Tag archives for: heart,

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Health in the headlines

Categories: News

Need to catch up on the latest health news? We’ve gathered the highlights for you. Here’s a reason to celebrate: chocolate may be good for the heart. Here’s a reason not to celebrate too much: A new study says just one alcoholic drink a day increases the risk of breast cancer. Traveling abroad this summer? Here are some tips for a safe and healthy journey.  And if you’re trying to watch your waistline, you might want to take the “calories burned” reading on your fitness tracker with a grain of salt. Why chocolate may be good for the heart — …Read More >

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05/31/2010 195105 -- San Antonio, TX..University Hospital - Living Proof TV and Print Ad Campaign - 2011..Cath Lab - Dr. S. Hinan Ahmed M.D

Pinpointing the source of heart disease

Categories: Heart Health  /  News

When Antonio Vargas became too weak to do the things he enjoyed, his daughter Mimi Cruz brought him in for care. Doctors at the Heart and Vascular Institute at University Health System threaded a catheter to the vessels leading to his heart and found blockage in multiple vessels. They treated him with medication until he became strong enough to undergo a second procedure to open a vessel and implant a stent. Cardiac catheterization is an important diagnostic tool in determining heart disease. Mr. Vargas’s story, one in a series of stories that make up the Real Men Wear Gowns campaign, …Read More >

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Fixing a faulty valve

Categories: Heart Health  /  News  /  rehabilitation  /  Surgery

Healthy hearts need healthy valves. But when those valves start to malfunction, it can cause symptoms that may not lead people to think of the correct cause. “People tend to think that this is old age and they don’t get it checked out,” said Dr. Edward Sako, professor of cardiothoracic surgery at UT Health San Antonio who practices at University Health System. “The patient may feel fine.” Dr. Sako said people face two common problems with their heart valves. One is stenosis, or narrowing, where the valve doesn’t open well. The other is regurgitation, where it doesn’t close well. It …Read More >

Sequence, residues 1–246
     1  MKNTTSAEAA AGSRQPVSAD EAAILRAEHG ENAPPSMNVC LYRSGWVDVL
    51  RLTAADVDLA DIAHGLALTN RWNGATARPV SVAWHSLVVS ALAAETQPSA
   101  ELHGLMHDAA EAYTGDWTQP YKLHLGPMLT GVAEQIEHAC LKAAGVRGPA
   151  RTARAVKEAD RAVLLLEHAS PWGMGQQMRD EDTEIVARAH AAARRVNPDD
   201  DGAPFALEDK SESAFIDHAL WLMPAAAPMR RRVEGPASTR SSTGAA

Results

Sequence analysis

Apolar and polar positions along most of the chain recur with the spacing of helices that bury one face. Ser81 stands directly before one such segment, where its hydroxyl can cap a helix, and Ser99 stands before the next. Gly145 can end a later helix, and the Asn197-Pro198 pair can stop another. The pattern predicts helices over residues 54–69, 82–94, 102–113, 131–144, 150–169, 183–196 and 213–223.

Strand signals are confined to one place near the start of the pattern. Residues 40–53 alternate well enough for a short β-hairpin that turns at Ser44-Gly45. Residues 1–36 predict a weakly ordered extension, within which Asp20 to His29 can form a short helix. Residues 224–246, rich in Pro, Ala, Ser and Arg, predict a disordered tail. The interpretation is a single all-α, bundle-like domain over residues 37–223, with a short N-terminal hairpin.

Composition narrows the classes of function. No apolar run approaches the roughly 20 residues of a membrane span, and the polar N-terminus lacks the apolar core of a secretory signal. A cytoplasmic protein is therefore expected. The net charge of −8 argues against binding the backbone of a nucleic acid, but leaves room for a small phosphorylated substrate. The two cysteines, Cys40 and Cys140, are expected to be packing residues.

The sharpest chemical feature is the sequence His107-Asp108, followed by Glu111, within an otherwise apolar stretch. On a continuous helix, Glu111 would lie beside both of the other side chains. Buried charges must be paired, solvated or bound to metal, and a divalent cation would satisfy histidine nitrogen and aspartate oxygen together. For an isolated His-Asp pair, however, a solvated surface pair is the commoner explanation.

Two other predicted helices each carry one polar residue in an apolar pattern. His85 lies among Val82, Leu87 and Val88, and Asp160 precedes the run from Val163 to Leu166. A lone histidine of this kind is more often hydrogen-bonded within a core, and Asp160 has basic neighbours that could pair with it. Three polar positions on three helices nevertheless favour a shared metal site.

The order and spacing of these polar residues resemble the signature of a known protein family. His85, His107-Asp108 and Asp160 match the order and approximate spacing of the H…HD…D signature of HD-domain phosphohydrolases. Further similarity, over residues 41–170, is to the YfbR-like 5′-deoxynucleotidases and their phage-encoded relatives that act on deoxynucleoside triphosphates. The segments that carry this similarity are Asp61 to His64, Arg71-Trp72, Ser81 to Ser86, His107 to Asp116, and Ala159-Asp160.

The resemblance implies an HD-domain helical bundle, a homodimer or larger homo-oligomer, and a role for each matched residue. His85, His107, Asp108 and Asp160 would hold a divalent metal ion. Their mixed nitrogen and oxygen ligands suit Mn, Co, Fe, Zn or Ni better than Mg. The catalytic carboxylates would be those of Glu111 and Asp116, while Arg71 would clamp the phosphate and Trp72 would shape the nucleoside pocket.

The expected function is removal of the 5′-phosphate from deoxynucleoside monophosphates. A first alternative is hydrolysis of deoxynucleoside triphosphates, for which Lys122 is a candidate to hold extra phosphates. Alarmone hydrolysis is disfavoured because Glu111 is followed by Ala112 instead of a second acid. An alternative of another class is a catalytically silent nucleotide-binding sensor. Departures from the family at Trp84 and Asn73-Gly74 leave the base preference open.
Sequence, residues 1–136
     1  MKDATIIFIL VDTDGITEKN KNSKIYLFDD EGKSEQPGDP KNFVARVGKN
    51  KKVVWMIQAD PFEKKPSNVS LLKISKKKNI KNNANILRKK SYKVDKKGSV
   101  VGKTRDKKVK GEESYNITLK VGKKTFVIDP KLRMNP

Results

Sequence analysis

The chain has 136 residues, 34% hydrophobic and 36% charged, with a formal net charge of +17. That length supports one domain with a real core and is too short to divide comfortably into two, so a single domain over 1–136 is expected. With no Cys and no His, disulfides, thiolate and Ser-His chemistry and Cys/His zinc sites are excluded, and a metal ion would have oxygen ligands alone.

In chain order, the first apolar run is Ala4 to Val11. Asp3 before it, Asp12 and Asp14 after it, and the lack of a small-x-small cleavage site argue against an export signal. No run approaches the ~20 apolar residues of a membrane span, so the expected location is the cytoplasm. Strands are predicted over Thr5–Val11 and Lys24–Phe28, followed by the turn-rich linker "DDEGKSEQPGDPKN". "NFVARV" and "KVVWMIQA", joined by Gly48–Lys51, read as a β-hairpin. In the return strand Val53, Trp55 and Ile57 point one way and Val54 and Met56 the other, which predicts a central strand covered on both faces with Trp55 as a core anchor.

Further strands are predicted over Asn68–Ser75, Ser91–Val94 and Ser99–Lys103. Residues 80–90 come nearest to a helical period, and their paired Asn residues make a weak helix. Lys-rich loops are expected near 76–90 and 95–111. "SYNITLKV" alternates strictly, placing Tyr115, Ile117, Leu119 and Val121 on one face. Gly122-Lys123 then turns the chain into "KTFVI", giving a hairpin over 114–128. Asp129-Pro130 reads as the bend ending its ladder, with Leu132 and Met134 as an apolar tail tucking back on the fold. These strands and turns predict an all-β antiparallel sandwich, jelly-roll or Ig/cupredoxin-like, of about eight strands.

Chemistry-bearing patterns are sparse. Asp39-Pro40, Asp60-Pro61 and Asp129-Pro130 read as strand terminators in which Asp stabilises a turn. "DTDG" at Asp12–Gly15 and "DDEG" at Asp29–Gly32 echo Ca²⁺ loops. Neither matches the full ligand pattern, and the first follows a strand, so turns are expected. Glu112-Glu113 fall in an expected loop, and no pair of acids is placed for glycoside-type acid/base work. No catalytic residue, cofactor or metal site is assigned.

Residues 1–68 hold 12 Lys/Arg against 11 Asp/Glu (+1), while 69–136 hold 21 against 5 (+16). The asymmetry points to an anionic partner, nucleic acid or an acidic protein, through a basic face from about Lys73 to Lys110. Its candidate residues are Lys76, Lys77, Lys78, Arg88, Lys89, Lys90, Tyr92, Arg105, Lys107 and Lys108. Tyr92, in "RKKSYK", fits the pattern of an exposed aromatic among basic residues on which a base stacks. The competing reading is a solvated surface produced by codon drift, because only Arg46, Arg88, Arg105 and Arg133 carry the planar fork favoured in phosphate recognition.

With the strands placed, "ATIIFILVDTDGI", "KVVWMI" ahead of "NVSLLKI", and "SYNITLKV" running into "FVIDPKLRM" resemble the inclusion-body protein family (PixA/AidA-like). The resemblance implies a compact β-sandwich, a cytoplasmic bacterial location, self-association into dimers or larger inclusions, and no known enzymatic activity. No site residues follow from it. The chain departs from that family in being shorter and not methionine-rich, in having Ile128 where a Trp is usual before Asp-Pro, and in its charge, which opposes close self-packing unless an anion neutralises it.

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Tiny heart pump keeps transplant patient alive

Categories: Heart Health  /  News  /  Surgery  /  Technology  /  Transplants

Mark Kennedy had finally gotten the call from University Transplant Center that a new liver was available. The 59-year-old and his wife made the hourlong drive from their home in Austin to University Hospital for the transplant. The transplant appeared to be going well. But as the surgeons were nearly finished, Mr. Kennedy’s condition began to change. Perhaps from the stress of the surgery, he went into cardiac arrest and showed clear signs of a major heart attack. He went into shock. Complicating the treatment options was the fact he was bleeding, and his new liver had not yet taken …Read More >

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When the heart stops